The frequency of people buying items on Amazon six times or more per month has dropped to 40% this year from 80% in 2017, according to surveys by First Insight, a retail analytics firm that collects data to help retailers such as Dick's Sporting Goods, Crocs and Kohl's make product decisions.
First Insight conducted three consumer surveys of about 1,000 people each in December 2017, September 2018 and last September to compile the results. They included shoppers with and without a Prime membership.
A majority this year, 55%, said they prefer to shop at Walmart versus Amazon, up from about 47% a year earlier. The percentage of people who favor Amazon has dropped to 45% from about 53% in 2018.
"The excitement of the Amazon box coming to your house is kind of dwindling off," First Insight CEO Greg Petro said in an interview. "I think the novelty of Amazon is wearing off."
Source: First Insight
Amazon has disclosed it has more than 100 million Prime members worldwide. But according to First Insight, signups are dropping. The firm said it found 52% of survey respondents were members in 2019, down from 59% a year earlier.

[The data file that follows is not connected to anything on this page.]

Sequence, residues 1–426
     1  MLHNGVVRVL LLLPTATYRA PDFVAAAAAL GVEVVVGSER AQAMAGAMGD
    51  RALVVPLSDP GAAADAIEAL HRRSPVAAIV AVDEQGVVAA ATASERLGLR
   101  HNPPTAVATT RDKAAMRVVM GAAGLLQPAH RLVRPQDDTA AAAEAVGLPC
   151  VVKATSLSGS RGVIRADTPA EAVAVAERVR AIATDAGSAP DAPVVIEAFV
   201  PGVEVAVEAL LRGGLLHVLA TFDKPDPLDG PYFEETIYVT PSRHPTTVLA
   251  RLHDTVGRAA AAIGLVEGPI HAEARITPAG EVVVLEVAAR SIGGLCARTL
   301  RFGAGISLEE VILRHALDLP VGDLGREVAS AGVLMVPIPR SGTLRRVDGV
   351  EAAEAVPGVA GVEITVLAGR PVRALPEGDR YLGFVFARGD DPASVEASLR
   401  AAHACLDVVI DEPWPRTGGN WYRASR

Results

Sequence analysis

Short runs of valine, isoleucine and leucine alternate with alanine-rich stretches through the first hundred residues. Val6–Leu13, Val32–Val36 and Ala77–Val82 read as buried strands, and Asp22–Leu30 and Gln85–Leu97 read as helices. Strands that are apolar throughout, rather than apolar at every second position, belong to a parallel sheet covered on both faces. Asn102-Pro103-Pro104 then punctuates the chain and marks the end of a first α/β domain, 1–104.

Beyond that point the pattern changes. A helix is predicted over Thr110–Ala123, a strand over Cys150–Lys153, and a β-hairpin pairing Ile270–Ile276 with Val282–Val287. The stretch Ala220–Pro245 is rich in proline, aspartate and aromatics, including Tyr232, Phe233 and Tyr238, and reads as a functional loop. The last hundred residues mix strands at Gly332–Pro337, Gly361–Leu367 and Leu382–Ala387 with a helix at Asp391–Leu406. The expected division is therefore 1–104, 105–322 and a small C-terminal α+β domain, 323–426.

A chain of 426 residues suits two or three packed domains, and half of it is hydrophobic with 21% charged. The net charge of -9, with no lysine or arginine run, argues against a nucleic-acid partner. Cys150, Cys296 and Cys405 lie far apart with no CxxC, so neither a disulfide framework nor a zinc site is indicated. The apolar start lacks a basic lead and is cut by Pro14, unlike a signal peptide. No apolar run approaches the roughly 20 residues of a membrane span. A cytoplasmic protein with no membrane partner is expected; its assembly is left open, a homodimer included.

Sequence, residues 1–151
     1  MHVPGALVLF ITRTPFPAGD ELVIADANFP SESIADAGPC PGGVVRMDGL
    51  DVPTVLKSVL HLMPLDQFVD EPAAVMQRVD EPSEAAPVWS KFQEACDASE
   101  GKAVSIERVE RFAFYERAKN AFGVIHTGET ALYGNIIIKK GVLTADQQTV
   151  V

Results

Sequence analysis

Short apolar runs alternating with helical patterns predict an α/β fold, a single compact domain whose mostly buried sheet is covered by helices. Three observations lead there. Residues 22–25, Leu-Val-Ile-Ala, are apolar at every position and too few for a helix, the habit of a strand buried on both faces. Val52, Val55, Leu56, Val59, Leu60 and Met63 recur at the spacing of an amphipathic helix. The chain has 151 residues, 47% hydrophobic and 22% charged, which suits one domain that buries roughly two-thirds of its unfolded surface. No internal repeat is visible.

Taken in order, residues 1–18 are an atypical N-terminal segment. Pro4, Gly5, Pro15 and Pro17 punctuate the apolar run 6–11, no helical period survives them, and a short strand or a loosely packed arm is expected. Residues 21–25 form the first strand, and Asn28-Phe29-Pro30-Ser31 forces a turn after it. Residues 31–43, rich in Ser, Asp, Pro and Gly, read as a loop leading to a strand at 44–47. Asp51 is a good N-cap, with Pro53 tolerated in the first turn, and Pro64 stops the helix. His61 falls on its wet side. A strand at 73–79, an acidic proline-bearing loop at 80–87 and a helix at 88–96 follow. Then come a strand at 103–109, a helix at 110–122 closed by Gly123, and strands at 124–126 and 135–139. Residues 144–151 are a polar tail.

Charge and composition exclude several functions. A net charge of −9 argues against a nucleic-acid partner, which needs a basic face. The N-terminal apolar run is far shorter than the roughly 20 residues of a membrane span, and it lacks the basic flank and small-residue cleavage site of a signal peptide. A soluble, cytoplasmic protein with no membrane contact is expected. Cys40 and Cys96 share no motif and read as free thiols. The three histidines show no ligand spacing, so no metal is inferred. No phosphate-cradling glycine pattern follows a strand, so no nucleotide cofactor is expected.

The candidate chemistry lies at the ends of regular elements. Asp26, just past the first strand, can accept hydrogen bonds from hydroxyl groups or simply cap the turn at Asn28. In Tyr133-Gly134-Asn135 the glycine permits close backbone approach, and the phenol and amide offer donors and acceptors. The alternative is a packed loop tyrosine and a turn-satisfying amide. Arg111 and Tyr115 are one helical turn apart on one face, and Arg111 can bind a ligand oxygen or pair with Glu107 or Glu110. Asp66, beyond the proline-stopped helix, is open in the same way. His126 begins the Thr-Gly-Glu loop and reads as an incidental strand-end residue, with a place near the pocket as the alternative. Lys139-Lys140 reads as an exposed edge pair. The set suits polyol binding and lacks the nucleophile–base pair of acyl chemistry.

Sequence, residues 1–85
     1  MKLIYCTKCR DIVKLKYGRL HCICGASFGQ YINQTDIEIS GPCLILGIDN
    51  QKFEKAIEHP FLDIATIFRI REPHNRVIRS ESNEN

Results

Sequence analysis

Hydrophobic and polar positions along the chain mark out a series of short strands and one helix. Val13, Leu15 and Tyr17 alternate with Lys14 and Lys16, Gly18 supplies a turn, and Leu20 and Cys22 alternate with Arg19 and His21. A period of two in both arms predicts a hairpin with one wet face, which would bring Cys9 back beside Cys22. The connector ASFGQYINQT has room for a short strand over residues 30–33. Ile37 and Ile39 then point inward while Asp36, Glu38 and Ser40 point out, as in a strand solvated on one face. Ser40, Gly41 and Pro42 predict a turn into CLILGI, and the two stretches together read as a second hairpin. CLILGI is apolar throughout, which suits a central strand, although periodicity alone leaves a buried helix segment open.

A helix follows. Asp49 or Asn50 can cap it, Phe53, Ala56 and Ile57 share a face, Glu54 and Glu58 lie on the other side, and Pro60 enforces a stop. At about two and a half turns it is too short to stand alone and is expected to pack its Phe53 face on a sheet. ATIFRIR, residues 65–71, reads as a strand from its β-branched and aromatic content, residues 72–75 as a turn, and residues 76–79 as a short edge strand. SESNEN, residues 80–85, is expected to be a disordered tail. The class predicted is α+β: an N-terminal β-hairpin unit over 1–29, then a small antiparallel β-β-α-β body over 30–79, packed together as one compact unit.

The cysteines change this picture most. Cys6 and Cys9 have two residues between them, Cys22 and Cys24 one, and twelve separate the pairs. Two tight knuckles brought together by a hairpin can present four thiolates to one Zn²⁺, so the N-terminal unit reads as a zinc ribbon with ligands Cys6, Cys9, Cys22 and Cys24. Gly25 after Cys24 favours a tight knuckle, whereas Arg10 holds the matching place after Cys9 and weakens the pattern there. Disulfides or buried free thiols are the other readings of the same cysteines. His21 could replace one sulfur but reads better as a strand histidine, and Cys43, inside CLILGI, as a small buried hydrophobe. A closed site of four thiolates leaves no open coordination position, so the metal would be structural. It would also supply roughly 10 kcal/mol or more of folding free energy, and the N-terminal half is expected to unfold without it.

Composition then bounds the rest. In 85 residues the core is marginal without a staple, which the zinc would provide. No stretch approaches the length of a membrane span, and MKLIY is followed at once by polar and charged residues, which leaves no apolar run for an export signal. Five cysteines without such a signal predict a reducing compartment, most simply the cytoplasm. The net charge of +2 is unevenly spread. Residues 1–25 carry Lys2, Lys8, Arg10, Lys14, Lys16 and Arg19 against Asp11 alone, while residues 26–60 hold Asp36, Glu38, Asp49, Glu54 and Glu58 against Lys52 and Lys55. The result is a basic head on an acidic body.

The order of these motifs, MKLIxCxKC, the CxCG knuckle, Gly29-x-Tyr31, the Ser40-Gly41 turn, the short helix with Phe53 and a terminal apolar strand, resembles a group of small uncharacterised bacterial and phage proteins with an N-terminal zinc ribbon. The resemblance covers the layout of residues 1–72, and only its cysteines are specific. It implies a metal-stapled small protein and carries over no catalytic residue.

The survey's findings could be a sign that Walmart's e-commerce investments are paying off, and Amazon still has its work cut out for it. Both companies have been in a battle over delivery.
Amazon announced plans last month to start delivering grocery products for free within a two-hour window to all Prime members living in the 2,000 regions eligible for the service. Until then, Prime members had to pay an additional $14.99 per month to get access to Amazon Fresh, a separate program that offered two-hour grocery delivery.
With the company spending billions of dollars to expand its free one-day delivery program, Amazon's third-quarter earnings report last month fell short of analysts' expectations.
Walmart, meanwhile, has begun testing delivering groceries directly to customers' refrigerators in three cities. Its InHome grocery delivery membership program costs $19.95 a month. And making the most of its bricks-and-mortar stores, it has more than 2,700 grocery pickup locations for online orders across the U.S.
Walmart's profits in the latest quarter topped Wall Street estimates, and the company said e-commerce sales surged 37%.
"[Walmart's] speed is allowing them to leapfrog and get hyper-competitive with Amazon in a short period of time," First Insight's Petro said.
The true test could come this holiday season, which has six fewer days than last year, putting more pressure on companies to pull shoppers into stores and to their websites sooner. Walmart and Amazon have already started offering deals.
Representatives from Amazon and Walmart didn't immediately respond to CNBC requests for comment.
Amazon shares are up about 19% this year. Walmart shares have rallied more than 26%. Amazon has a market value of roughly $888 billion, compared with Walmart's $334 billion valuation.